Two changes are about to occur in the lives of “want to be lawyers.”
First, to appease their conscience, the Board of Trustees of the California State Bar considers requiring law students to take on one more obligation before graduating, 50 hours of free or low-cost legal services for the “needy” within a year of passing the bar examination. What is the issue? Is it to address the concern that so many people cannot afford to hire an attorney? Or is it to provide additional and needed training for newly minted lawyers?
If it is the latter, law schools to be accredited by either the state or the American Bar Association should include the client representation process in the curriculum before granting the degree. If it is the former, all lawyers should be required to provide “legal aid” or low-cost services or a percentage of their gross revenue to legal aid organizations.
If either of these alternatives were implemented, two powerful entities would rebel. Law schools with their prestigious alumni would howl; and all lawyers would consider a percentage of their gross revenue to be an additional tax and anathema.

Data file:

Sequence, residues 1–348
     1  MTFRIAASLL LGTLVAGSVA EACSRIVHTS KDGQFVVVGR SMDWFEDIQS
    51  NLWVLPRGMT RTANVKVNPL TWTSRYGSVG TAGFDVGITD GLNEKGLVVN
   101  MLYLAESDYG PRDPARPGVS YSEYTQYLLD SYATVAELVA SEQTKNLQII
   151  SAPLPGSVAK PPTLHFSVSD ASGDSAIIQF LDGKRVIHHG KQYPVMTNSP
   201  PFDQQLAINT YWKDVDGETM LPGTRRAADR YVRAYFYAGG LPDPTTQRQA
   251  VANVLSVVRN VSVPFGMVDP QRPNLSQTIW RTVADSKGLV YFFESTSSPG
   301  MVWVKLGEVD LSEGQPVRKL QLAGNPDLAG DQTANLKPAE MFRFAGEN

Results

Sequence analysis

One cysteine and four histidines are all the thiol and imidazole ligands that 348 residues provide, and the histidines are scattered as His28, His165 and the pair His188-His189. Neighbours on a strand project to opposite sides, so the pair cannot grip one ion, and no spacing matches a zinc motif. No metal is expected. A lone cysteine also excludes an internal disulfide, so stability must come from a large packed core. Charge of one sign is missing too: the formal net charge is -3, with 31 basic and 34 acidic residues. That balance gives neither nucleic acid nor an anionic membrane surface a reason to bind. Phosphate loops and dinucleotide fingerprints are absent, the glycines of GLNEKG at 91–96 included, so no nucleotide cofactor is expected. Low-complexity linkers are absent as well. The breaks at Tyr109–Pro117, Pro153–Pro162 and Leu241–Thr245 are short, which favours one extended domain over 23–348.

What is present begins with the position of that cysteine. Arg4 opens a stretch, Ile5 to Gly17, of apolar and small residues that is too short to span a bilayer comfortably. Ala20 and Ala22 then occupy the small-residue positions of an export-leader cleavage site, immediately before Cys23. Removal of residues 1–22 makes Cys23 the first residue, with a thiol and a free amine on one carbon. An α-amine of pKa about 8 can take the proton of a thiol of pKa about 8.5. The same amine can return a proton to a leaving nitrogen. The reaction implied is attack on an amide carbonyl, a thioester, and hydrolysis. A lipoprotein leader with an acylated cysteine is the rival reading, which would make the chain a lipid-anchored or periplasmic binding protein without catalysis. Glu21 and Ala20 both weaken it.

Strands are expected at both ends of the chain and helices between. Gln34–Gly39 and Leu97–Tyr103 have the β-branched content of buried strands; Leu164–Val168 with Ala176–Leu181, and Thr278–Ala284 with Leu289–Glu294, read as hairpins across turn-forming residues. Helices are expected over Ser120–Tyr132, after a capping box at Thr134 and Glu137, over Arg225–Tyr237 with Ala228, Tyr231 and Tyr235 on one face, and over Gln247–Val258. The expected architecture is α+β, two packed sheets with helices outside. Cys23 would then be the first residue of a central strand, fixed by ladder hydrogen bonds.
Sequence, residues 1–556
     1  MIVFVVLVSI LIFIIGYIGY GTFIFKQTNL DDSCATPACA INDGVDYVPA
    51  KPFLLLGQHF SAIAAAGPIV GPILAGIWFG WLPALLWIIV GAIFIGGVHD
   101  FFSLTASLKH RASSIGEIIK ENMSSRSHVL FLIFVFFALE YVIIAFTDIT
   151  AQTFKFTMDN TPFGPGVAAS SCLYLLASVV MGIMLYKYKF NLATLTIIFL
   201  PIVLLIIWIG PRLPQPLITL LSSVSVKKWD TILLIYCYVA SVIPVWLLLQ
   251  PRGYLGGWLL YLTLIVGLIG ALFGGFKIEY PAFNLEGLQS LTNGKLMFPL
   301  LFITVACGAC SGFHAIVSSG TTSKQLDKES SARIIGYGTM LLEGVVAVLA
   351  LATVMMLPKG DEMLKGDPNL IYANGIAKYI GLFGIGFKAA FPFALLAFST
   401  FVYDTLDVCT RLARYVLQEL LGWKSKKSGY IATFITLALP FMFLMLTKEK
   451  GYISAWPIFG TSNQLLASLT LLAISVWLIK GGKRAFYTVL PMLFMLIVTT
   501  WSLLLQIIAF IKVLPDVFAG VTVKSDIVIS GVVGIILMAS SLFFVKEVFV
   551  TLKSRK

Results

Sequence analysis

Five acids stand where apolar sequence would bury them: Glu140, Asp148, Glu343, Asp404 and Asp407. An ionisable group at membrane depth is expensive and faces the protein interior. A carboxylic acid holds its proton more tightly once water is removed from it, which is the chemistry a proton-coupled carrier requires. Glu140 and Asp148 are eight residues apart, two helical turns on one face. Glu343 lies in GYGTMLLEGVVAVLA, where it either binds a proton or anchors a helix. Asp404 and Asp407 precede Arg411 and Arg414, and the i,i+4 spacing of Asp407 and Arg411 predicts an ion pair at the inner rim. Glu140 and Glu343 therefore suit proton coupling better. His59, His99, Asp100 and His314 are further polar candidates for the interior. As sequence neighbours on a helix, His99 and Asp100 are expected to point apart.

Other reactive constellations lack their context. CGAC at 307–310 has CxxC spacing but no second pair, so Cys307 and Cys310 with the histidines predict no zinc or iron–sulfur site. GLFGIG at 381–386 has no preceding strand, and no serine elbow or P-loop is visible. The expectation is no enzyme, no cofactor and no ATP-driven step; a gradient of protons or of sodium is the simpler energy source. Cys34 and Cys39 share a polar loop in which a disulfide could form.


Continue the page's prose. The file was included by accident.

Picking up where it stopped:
The second change is the reduction of California’s three-day bar examination to two days. Whether the complaint is that three days is more arduous than two days, which it is, or whether the more than $800,000 savings to the Bar is the motivation is not clear. Somehow, it just does not seem that saving money is of major concern to the “powers that be.” It is also clear that educating its members – attorneys – is also not a major concern. Over 70 percent of the annual State Bar budget is directed toward the disciplinary system. Of the matters within that system, over 50 percent relate to management issues. Educating lawyers to be more effective in managing their business and dealing with their clients (unrelated to theft of client trust funds) would result in a significant reduction of expenses to the Bar, and increase more effective service to clients and, oh perhaps even a reduction of annual dues to lawyers.
But then, LawBiz® has been whistling in the wind about this issue for decades.